I think that a child should learn first how to be a proper human being, and then a scholar. Most schools seem concerned only with filling a child’s head with facts, pushing them on through one grade to the next regardless of knowledge retention, and teaching them how to stand in line and ask for permission to go to the bathroom. Virtuous character is more desirable in a child than head knowledge, but it takes considerably more effort to create one than the other. The most important things that children should learn, in my opinion, are:
– To embark on the journey of understanding themselves.
– To seek God.
– To love others.
– To hunger for truth.
If a child learns these things, then I would say that they have the potential to develop into the kind of person who brings joy, inspiration, help, and blessing to their community and the world around them. Of course, that doesn’t have to be the end of education; it is just the foundation. Here are the other things I believe every person should seek to learn over the course of their lives. The activities listed are the subjects that aid both children and adults in developing their minds:
– To love beauty (music, art, dance, the natural world, and many others).
– To learn how to think outside the box (creativity in all subjects).
– To learn how to think logically (formal logic, brain teasers, puzzles, math).
– To learn how to gain understanding for themselves (writing, reading, religion, philosophy).
– To learn how to express themselves (writing, reading, language, grammar).
– To learn from the past so that they can become aware of the future (history, philosophy, politics, archaeology).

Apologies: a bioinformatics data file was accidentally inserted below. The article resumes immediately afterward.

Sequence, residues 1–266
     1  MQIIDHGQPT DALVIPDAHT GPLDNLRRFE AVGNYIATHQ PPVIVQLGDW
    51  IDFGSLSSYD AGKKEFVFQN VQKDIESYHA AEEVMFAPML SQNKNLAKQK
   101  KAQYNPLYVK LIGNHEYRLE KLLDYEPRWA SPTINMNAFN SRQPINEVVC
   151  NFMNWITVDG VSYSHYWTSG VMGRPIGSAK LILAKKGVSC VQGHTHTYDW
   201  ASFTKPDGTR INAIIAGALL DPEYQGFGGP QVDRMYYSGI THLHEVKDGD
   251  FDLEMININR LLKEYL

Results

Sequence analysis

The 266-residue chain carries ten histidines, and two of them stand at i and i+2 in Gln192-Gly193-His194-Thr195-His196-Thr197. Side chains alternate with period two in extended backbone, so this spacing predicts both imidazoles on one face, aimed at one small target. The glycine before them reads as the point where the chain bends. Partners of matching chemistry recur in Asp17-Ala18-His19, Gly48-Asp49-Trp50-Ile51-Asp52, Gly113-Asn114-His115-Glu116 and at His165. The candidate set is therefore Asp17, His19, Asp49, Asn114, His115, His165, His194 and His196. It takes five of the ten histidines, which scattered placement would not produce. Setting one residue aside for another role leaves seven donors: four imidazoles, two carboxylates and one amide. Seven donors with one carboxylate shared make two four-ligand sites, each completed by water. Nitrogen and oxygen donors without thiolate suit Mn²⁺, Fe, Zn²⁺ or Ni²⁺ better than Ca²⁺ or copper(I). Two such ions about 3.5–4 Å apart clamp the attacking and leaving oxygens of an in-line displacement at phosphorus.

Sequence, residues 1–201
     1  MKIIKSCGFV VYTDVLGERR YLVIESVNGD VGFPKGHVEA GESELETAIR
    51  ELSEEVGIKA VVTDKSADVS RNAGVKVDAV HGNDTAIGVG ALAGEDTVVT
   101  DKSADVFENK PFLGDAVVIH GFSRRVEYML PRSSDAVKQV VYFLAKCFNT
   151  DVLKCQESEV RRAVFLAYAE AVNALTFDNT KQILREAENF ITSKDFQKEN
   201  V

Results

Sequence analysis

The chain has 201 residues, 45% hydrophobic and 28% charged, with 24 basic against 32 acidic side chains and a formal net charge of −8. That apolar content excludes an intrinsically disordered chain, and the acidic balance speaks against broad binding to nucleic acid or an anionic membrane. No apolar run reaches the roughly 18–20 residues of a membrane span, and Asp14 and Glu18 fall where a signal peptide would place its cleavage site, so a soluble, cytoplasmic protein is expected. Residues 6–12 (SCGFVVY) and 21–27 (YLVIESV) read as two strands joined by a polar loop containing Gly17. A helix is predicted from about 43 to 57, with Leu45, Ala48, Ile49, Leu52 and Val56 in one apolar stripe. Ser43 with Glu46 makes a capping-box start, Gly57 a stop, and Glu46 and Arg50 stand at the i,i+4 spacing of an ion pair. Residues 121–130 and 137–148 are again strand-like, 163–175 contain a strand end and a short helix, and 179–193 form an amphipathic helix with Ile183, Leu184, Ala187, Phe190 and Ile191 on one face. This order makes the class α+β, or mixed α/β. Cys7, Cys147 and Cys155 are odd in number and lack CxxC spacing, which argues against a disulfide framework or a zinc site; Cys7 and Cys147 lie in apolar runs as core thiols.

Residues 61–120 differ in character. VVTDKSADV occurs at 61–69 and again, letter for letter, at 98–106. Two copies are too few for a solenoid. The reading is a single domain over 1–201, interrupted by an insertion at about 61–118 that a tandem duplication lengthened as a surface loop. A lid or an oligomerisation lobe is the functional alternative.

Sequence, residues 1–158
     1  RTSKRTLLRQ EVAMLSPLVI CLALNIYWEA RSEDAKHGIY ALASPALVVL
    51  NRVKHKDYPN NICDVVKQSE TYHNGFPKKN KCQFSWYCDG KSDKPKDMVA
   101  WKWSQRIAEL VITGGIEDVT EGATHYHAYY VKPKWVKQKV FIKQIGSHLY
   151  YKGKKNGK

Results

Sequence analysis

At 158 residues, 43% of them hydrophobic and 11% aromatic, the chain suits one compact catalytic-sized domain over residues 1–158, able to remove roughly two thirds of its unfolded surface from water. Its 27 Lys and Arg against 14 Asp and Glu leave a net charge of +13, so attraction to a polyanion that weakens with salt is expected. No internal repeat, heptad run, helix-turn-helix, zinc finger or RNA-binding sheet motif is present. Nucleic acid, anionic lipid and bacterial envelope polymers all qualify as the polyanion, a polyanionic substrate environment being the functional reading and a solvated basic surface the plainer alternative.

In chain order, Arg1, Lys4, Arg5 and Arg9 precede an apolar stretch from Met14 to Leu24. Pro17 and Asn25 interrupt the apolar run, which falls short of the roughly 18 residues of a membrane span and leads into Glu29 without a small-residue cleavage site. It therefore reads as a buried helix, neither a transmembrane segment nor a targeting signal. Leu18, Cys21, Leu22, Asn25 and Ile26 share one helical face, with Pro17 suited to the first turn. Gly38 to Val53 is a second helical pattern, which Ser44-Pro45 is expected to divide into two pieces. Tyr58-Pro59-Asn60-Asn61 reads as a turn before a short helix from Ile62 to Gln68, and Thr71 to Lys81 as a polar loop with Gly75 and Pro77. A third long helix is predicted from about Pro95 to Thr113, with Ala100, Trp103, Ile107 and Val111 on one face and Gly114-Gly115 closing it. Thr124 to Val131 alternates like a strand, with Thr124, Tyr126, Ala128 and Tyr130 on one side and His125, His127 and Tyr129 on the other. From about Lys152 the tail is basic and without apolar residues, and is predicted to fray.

– To learn why things work the way they do (science, biology, mechanics, physics, math).
– To learn practical mathematics (budgeting, taxes, cooking, business math).
– To learn practical life skills (household chores, cooking, gardening, sewing, car mechanics, child-care, computers, social interaction, volunteer work).
If schools today followed these basic goals, I bet that half the curricula could be thrown out. Also, children would probably need to spend a smaller portion of their day actually “in” school. But then… this would mean that parents would have to take more interest in their child’s education! And it would mean that children would have to learn to be more self-directed! *gasp*
The goals outlined above are what I think every child should graduate high-school with. But here’s something I want to stress, what I think the backbone of this pre-college education constitutes: if this plan was followed, then hypothetically each child would most likely, between the ages of fourteen and eighteen, gain some sort of idea as to what they want to pursue as a vocation. If a child has been given the freedom to investigate areas of interest to them in their early years, with opportunity to “try out” various trades or occupations, then there is very little that stands between them and finding their career of choice. Through taking early college classes, volunteering, job-shadowing, and/or part-time employment, a teen can narrow their job interests down to what they might really like to do.
For example, if a teen is interested in becoming an architect, they will want to go on to study more advanced mathematics and drawing while still in high-school, most likely by taking outside classes to gain increased understanding and instruction in these subjects. This will give them a chance to see if they have a real proclivity for this profession, and also give them an added advantage in their knowledge even before they formally enter college to major as an architect.
I believe that children should have a great deal of free time, that they should be allowed and encouraged to study things that interest them, and that hours upon ridiculous hours of rote schoolwork are unnecessary and even detrimental in elementary schools. I think that children do have a natural inclination to learn because they are naturally curious; however, I question the idea that the majority of children have the drive or diligence to pursue a plan of all-round learning that will benefit them the most in life. This is something that I am exploring in my studies on learning. Children are very different, and need more or less structure in their lives depending on how self-motivated they are or are not. How much structure? How much freedom? What is the balance?